Economist.com on the peer-to-peer showdOwn
The entertainment industry is taking its battle against illegal downloading to America’s Supreme Court. But attacking the technology behind file-sharing could stifle innovation without tackling the industry’s long-term problems.
The music business should have stuck by Thomas Edison’s technology if it wanted to avoid the threat of piracy. His wax cylinders could record a performance but could not be reproduced; that became possible only with the invention of the flat-disc record some years later.
More on The Induce Act, the end of The Betamax doctrine, and MGM vs Grokster under Category: CopyRight
update: The Induce Act Blog has linked here in Thomas Edison on Copyright Control.
update2: Boing Boing (finally via Xeni Jardin) linked in: assault on filesharing by entertainment biz is senseless: "attacking the technology behind file-sharing could stifle innovation without tackling the industry’s long-term problems."; and Mercury News Comments : Grokster case pits tech innovation vs. Hollywood's rights. Tomorrow is court day.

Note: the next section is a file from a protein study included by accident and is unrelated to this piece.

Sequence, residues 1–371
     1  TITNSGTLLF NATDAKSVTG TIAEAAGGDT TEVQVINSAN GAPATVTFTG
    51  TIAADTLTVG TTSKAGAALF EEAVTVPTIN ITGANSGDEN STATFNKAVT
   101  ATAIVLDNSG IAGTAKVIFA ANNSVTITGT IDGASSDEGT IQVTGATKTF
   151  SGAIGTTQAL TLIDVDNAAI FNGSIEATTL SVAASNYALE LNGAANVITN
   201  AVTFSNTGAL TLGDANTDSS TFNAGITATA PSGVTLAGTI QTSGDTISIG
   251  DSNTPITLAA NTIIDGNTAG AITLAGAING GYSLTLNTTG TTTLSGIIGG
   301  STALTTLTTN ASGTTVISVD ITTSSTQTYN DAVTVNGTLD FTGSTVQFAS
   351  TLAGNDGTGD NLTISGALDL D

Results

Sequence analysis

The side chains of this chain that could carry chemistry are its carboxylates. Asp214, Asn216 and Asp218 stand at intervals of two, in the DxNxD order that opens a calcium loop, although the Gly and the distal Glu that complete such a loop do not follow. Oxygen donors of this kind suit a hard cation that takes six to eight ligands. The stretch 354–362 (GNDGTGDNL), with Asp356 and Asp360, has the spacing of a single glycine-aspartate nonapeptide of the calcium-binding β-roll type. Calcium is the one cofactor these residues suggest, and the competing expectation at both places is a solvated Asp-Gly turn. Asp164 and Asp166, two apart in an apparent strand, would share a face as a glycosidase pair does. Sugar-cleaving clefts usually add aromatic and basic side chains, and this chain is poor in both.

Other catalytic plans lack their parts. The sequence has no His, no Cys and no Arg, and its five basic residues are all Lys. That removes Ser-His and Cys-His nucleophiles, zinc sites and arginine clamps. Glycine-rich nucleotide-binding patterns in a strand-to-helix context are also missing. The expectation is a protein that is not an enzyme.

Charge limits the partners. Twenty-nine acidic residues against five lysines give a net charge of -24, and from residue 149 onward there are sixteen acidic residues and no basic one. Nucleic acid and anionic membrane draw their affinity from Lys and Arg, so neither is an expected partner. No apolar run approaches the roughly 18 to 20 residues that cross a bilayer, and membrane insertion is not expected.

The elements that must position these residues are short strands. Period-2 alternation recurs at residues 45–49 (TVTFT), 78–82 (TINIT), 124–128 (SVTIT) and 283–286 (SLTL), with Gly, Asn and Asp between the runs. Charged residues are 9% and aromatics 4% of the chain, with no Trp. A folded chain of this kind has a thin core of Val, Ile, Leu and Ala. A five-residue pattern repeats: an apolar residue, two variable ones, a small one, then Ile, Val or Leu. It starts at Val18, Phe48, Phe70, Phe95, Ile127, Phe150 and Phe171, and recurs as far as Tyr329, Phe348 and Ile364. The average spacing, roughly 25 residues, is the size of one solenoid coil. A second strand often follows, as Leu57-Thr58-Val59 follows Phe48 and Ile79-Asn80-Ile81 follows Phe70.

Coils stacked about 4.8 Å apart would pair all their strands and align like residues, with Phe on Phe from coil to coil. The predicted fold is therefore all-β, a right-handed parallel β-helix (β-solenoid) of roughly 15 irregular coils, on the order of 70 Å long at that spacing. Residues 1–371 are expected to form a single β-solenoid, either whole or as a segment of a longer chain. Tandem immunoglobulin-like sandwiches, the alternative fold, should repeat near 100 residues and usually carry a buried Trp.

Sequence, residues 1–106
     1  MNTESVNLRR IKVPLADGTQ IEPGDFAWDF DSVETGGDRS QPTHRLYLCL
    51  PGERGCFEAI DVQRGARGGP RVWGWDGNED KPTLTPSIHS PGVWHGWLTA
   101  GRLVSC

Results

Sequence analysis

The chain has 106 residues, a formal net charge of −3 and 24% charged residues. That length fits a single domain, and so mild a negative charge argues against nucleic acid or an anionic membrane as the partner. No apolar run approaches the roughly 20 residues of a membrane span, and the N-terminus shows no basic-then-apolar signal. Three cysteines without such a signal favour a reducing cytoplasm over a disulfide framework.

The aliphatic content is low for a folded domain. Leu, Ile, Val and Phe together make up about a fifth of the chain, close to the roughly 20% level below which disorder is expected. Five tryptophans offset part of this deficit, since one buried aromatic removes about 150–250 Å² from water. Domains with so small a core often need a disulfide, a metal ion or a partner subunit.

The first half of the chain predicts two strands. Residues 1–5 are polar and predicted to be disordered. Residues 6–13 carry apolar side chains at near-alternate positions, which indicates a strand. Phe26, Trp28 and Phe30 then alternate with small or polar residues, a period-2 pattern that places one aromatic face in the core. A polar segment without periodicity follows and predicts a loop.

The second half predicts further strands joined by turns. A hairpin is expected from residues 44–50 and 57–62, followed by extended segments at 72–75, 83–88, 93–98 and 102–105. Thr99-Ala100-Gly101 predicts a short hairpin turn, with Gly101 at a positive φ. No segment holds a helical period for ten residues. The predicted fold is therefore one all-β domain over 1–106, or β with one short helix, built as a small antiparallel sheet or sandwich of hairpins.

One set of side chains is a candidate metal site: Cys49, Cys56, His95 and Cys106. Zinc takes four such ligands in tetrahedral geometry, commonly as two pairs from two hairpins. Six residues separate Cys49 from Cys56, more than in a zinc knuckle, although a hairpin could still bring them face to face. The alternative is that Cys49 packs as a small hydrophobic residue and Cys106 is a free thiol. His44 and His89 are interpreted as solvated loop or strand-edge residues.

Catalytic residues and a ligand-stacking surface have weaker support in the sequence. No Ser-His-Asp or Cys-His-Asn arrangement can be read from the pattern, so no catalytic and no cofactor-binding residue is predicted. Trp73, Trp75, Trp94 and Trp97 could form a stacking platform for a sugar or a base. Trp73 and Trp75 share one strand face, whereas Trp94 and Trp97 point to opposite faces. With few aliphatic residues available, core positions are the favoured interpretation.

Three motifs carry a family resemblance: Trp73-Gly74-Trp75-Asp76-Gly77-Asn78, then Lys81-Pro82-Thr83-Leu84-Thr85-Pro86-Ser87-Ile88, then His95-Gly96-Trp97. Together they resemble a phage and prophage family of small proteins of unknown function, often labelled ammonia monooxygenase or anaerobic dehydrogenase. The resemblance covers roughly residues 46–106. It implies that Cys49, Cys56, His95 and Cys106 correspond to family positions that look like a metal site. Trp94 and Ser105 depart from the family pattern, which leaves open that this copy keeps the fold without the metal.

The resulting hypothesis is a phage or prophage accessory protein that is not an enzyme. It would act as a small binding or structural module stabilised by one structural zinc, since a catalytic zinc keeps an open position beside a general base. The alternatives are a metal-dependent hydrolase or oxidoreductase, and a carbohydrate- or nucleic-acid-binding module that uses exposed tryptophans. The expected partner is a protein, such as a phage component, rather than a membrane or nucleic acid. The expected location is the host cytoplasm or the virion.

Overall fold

Via Boing Boing, Copyfight has The revenge of Sapir-Whor : And Does P2P file sharing hurt sales? No. It may even help sales.
How do we know this? Well, we do studies. Like, for example, the just-published Japanese study by Keio Universtity Economics professor Tatsuo Tanaka, who looked at the P2P application "Winny" and its effect on Japanese music consumers. Prof. Tanaka's original study is reported on here (Japanese HTML), but fortunately for people like me there's an English translation (17 page PDF).